Nursing Interventions

Written by Rachel Arieff
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Nursing interventions are the plan of action a nurse must take with respect to patient disorders. Interventions are arrived at only after careful assessment of the patient's signs. The ability to quickly and accurately assess these signs is what defines a skilled and capable nurse. However, as with any skilled profession, one's capabilities can only be improved with time and practice.

The beginning of every nurse's career is in nursing school, where the initial skills and knowledge are acquired. However, these are just the building blocks upon which a successful career is based. Even the best nursing schools cannot provide their students with the experience they can only acquire from years of practice in the real world. Mastery of nursing interventions is a product of this experience.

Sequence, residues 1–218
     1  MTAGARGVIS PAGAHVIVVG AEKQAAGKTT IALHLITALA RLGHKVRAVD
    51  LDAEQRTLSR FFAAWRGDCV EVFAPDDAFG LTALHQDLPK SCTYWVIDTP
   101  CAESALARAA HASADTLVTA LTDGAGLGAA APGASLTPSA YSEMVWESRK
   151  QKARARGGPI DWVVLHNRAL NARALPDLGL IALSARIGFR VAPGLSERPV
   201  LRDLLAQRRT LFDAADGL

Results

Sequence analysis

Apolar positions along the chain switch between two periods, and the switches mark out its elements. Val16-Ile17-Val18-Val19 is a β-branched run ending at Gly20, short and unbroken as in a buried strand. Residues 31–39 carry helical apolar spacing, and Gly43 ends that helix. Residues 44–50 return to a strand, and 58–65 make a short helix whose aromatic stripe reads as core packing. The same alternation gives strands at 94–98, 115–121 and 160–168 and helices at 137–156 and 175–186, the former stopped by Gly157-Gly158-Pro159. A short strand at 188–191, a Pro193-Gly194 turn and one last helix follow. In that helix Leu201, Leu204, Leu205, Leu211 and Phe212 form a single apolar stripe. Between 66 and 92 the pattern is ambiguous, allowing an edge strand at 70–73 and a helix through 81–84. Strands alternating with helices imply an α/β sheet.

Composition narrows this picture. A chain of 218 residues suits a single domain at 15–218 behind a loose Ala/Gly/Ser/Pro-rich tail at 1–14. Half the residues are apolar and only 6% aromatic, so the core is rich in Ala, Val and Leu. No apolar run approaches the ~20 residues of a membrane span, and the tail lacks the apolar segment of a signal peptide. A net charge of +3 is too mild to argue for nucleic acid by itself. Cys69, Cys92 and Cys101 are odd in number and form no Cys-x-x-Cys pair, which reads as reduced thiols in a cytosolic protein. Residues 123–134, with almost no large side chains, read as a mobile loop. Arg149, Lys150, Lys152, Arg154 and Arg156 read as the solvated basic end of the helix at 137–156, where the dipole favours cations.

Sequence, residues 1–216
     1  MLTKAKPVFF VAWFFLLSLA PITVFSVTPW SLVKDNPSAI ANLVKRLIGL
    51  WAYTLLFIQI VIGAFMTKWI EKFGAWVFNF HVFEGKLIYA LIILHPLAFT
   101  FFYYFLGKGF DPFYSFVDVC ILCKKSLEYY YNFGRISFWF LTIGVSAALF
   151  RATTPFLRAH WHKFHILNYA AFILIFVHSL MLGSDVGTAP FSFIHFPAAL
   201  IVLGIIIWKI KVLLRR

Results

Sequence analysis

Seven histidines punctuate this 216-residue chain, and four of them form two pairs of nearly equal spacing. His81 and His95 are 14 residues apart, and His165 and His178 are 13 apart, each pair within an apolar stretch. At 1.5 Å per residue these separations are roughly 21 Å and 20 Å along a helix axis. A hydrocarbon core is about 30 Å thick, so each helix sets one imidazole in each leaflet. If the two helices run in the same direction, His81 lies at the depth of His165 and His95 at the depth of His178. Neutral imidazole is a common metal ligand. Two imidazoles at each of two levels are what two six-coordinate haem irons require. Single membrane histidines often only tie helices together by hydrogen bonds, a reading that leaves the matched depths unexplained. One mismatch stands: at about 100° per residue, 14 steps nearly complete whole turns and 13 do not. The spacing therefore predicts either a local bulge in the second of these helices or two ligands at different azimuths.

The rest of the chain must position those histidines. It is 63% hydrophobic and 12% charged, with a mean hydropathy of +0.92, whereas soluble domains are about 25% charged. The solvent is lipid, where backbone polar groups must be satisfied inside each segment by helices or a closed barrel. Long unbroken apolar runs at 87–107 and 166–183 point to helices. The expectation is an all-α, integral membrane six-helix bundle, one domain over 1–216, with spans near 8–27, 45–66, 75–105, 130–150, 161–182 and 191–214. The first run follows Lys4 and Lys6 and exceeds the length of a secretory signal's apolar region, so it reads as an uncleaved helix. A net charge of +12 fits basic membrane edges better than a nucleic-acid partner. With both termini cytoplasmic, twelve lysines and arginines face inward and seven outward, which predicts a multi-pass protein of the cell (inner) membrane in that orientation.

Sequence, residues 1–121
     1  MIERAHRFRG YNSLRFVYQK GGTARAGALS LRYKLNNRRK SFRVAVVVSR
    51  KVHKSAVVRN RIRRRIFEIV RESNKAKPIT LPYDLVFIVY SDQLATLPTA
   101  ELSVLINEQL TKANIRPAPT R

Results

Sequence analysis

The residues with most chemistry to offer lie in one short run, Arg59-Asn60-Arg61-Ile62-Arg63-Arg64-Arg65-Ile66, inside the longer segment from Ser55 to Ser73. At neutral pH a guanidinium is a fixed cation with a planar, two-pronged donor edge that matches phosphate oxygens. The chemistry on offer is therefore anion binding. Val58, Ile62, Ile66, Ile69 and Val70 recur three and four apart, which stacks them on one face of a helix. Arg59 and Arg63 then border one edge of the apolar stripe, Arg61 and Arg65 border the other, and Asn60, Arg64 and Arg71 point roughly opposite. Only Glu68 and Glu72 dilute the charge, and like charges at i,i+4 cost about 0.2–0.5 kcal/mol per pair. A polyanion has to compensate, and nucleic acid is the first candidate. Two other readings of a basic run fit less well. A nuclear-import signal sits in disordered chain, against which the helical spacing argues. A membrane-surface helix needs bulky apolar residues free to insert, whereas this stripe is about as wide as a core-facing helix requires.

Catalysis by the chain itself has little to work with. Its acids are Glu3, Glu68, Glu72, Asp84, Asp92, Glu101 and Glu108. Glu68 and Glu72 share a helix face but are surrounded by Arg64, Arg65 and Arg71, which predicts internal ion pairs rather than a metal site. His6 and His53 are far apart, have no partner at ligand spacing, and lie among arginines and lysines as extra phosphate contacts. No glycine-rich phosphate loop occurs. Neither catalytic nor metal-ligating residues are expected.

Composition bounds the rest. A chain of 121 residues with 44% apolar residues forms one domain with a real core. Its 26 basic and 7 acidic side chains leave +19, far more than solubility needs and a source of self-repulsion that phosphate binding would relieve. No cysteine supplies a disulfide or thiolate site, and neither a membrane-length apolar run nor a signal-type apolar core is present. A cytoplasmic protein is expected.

Learning and Memorizing Nursing Interventions

Nursing interventions are indicated in nursing manuals and textbooks. These need to be memorized by nursing students so that, by the time they are practicing nurses, they have this knowledge firmly in place. This will enable them to make quick and accurate decisions regarding nursing care plans. In fact, much of nursing school consists of memorization of disorders, signs, nursing interventions, and long-term management plans.

Oftentimes, the deciding factor in nursing school success is the helpfulness (or lack thereof) of learning materials themselves. Those that are easy to use and understand seem to yield the most success. On the other hand, those that are long-winded, overly technical and confusing are linked to higher frustration and dropout rates. Thus, the goal of nursing manuals, both for students and working nurses, is to provide clear and accurate information in an easy-to-use format.

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